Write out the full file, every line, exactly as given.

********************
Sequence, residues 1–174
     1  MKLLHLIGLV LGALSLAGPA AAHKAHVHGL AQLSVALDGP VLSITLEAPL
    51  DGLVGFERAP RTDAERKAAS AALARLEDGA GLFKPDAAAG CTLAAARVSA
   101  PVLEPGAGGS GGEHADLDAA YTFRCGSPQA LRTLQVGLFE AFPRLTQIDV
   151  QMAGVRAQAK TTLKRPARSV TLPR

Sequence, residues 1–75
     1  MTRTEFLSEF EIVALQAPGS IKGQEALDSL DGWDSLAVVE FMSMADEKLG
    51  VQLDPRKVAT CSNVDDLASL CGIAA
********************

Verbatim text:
Sequence, residues 1–174
     1  MKLLHLIGLV LGALSLAGPA AAHKAHVHGL AQLSVALDGP VLSITLEAPL
    51  DGLVGFERAP RTDAERKAAS AALARLEDGA GLFKPDAAAG CTLAAARVSA
   101  PVLEPGAGGS GGEHADLDAA YTFRCGSPQA LRTLQVGLFE AFPRLTQIDV
   151  QMAGVRAQAK TTLKRPARSV TLPR

Sequence, residues 1–75
     1  MTRTEFLSEF EIVALQAPGS IKGQEALDSL DGWDSLAVVE FMSMADEKLG
    51  VQLDPRKVAT CSNVDDLASL CGIAA